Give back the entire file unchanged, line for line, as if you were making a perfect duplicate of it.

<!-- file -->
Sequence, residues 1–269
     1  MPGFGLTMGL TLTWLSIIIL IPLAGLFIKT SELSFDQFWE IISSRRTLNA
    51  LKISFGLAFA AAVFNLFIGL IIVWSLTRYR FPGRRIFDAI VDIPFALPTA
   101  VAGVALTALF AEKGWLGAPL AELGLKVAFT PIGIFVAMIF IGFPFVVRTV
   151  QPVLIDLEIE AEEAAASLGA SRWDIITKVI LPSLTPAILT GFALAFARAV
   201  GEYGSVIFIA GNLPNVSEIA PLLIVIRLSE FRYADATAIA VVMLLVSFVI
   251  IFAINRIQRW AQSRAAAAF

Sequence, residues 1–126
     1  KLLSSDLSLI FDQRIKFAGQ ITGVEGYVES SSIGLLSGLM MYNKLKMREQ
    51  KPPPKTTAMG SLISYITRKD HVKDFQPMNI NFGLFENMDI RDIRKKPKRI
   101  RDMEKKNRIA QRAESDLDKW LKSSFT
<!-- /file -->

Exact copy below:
Sequence, residues 1–269
     1  MPGFGLTMGL TLTWLSIIIL IPLAGLFIKT SELSFDQFWE IISSRRTLNA
    51  LKISFGLAFA AAVFNLFIGL IIVWSLTRYR FPGRRIFDAI VDIPFALPTA
   101  VAGVALTALF AEKGWLGAPL AELGLKVAFT PIGIFVAMIF IGFPFVVRTV
   151  QPVLIDLEIE AEEAAASLGA SRWDIITKVI LPSLTPAILT GFALAFARAV
   201  GEYGSVIFIA GNLPNVSEIA PLLIVIRLSE FRYADATAIA VVMLLVSFVI
   251  IFAINRIQRW AQSRAAAAF

Sequence, residues 1–126
     1  KLLSSDLSLI FDQRIKFAGQ ITGVEGYVES SSIGLLSGLM MYNKLKMREQ
    51  KPPPKTTAMG SLISYITRKD HVKDFQPMNI NFGLFENMDI RDIRKKPKRI
   101  RDMEKKNRIA QRAESDLDKW LKSSFT